Source: Public Domain / Wikimedia Commons

7. Battle of Stones River
> When: Dec. 31, 1862-Jan. 2 1863
> Total casualties: 23,515
> Fatalities: 2,971

After their defeat at Fredericksburg, Virginia, the Union Army was in desperate need of a victory. When Union forces led by Major General William Rosecrans clashed with a Confederate army commanded by General Braxton Bragg, the two sides battled back and forth near Murfreesboro, Tennessee. On Jan. 2, 1863, Union forces achieved a much-needed victory.

Source: MPI / Archive Photos via Getty Images

6. Battle of Shiloh
> When: April 6-7, 1862
> Total casualties: 23,746
> Fatalities: 3,482

An early battle in the Civil War, the Battle of Shiloh in southwestern Tennessee was one of the deadliest. The Confederate army scored an initial victory against Ulysses S. Grant’s Union army in a surprise attack. But a Union counterattack proved decisive. The battle gets its name from Shiloh Church near which the fighting occurred.

Source: Archive Photos / Archive Photos via Getty Images

5. Battle of Chancellorsville
> When: April 30-May 6, 1863
> Total casualties: 24,000
> Fatalities: 3,418

General Robert E. Lee cemented his reputation as a tactical expert at the Battle of Chancellorsville in Spotsylvania County, Virginia. By splitting his army into two forces, he defeated an army twice the size of his led by Union General Joseph Hooker. The battle is also famous for having been the last fought by Confederate General Thomas “Stonewall” Jackson, who was shot during the fighting and succumbed to pneumonia eight days later.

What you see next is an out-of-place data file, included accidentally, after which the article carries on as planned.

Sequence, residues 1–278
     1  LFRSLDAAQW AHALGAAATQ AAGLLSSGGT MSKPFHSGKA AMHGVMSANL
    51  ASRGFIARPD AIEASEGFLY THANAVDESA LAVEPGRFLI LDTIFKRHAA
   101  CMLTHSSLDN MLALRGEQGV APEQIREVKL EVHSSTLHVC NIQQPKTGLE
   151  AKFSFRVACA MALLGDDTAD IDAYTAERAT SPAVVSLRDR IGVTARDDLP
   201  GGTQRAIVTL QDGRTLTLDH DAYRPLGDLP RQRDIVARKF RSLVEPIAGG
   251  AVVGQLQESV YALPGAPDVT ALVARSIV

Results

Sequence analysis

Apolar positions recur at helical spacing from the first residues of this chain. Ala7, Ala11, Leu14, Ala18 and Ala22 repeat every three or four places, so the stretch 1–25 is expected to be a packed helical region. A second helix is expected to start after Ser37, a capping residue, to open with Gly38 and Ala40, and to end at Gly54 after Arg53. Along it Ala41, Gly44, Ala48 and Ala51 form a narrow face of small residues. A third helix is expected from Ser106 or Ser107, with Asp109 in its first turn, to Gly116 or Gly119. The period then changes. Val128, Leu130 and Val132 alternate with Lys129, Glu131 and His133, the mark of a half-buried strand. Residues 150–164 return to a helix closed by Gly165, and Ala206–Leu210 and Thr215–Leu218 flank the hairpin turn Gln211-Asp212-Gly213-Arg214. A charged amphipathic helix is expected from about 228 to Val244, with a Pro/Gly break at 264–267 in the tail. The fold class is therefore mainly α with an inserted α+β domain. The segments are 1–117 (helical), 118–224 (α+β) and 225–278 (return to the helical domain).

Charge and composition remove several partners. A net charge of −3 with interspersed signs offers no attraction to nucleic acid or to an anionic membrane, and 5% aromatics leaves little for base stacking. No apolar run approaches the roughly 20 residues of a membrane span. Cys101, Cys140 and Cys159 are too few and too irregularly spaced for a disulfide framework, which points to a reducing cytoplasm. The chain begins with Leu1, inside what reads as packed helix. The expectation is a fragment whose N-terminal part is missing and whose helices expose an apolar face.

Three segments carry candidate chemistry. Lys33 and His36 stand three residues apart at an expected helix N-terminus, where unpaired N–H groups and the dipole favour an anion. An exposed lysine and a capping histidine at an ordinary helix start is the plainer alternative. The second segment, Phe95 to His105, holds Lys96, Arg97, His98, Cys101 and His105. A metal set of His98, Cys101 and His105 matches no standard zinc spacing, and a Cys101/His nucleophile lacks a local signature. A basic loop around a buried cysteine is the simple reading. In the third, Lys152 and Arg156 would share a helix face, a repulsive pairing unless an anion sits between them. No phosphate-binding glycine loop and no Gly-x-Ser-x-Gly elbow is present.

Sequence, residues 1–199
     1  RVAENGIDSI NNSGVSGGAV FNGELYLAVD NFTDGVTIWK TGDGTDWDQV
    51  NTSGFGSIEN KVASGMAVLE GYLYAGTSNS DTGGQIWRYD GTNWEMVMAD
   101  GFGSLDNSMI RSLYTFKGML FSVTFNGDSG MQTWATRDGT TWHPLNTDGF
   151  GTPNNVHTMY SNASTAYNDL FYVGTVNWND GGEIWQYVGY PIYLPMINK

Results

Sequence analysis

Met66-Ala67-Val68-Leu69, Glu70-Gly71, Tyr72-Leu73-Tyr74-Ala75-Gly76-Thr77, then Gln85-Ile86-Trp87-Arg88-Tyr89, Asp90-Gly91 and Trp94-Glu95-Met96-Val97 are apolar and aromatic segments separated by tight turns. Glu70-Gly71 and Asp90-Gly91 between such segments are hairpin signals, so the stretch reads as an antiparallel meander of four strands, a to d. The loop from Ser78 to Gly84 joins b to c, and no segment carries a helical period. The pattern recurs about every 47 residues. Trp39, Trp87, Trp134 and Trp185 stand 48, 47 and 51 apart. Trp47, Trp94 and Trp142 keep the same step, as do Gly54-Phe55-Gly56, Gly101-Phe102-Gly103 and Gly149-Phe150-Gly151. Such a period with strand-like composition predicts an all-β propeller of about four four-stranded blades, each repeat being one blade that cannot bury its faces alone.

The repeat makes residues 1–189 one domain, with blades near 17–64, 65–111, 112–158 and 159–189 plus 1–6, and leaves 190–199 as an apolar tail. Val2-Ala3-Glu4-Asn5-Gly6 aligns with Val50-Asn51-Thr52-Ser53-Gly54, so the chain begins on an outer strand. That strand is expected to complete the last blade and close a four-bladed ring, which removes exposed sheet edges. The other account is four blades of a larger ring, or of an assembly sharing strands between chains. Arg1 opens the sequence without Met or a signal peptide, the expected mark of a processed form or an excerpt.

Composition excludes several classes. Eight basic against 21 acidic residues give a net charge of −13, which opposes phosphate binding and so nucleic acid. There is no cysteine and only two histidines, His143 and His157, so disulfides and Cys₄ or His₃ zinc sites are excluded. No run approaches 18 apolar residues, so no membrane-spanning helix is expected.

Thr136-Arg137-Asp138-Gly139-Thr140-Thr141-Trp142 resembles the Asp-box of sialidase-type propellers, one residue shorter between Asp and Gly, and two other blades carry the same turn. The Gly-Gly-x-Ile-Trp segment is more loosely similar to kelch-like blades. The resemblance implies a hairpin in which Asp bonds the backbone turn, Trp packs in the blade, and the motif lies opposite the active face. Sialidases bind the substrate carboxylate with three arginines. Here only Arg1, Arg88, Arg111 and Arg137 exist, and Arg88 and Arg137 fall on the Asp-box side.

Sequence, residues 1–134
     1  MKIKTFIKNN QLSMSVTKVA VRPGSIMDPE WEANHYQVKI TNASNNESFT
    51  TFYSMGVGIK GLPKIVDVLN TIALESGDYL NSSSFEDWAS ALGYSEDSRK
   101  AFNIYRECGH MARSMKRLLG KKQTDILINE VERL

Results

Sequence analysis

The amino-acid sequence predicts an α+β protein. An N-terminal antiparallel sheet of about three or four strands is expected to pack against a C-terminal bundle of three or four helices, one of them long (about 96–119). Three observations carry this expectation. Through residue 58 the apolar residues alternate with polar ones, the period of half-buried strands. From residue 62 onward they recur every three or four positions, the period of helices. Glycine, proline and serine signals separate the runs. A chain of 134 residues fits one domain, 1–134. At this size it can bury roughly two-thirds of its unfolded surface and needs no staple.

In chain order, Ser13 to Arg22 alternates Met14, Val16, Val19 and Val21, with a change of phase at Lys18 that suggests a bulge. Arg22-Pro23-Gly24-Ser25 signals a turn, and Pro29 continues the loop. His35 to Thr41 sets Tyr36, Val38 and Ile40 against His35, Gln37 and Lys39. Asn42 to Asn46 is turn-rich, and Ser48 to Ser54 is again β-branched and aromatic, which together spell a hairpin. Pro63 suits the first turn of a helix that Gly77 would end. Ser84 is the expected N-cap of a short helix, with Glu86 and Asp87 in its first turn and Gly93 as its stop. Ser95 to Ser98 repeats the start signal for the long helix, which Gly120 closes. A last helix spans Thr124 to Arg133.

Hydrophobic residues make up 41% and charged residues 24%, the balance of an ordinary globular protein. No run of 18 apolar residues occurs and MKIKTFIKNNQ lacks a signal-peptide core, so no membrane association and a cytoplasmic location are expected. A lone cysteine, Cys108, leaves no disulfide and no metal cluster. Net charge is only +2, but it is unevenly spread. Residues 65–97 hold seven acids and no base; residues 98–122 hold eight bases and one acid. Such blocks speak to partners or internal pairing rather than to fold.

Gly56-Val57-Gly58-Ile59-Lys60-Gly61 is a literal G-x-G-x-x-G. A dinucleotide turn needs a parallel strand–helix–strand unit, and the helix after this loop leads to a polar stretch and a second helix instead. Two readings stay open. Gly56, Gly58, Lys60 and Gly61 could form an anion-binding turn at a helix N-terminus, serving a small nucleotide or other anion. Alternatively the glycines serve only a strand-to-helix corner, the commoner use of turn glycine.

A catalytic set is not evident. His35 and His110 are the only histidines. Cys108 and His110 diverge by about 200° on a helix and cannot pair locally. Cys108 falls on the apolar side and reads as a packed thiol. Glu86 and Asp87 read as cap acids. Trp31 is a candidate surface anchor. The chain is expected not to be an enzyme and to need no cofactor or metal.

Source: MPI / Archive Photos via Getty Images

4. Battle of the Wilderness
> When: May 5-7, 1864
> Total casualties: 29,800
> Fatalities: 3,723

Newly appointed General in Chief of the Union Army Ulysses S. Grant confronted General Robert E. Lee in the dense woods in northern Virginia known as the Wilderness. The thick brush negated the Union’s numerical advantage, but after two days of fierce fighting, the battle was considered a draw. Grant, however, refused to retreat and continued his march toward the Confederate capital of Richmond.

Source: Public Domain / Wikimedia Commons

3. Battle of Spotsylvania Court House
> When: May 9-21, 1864
> Total casualties: 30,000
> Fatalities: 4,240

After the Battle of the Wilderness, Confederate and Union forces clashed again at the Spotsylvania Court House in Virginia. Over 12 days, Ulysses S. Grant’s Army of the Potomac and Robert E. Lee’s Army of Northern Virginia battled as both sides inflicted huge losses. But the battle was ultimately considered a stalemate as Grant disengaged his troops. Yet Grant kept up his march on the Confederate capital, forcing Lee to order his troops to deploy between the Union forces and Richmond.

Source: MPI / Archive Photos via Getty Images

2. Battle of Chickamauga
> When: Sept. 18-20, 1863
> Total casualties: 34,624
> Fatalities: 3,969

The Army of Tennessee led by General Braxton Bragg initially defeated a force commanded by Union General William Rosecrans at Chickamauga, Georgia. When Bragg failed to build on the initial success, he allowed the Federal troops to reach Chattanooga. Reinforced by troops led by Ulysses S. Grant, the Union overtook Chickamauga, reversing what could have been a decisive victory for the South.

Source: Public Domain via The Library of Congress / Wikimedia Commons

1. Battle of Gettysburg
> When: July 1-3, 1863
> Total casualties: 51,000
> Fatalities: 7,058

The Battle of Gettysburg was the pivotal battle of the Civil War. After his victory at Chancellorsville, Robert E. Lee’s Army of Northern Virginia marched into the small town of Gettysburg, Pennsylvania. There, Lee’s army clashed with Federal troops led by General George G. Meade. Both sides suffered heavy losses. But when Lee’s troops failed to break the Union line at Cemetery Ridge, the Southern general retreated on July 4 and his advance on the North was halted.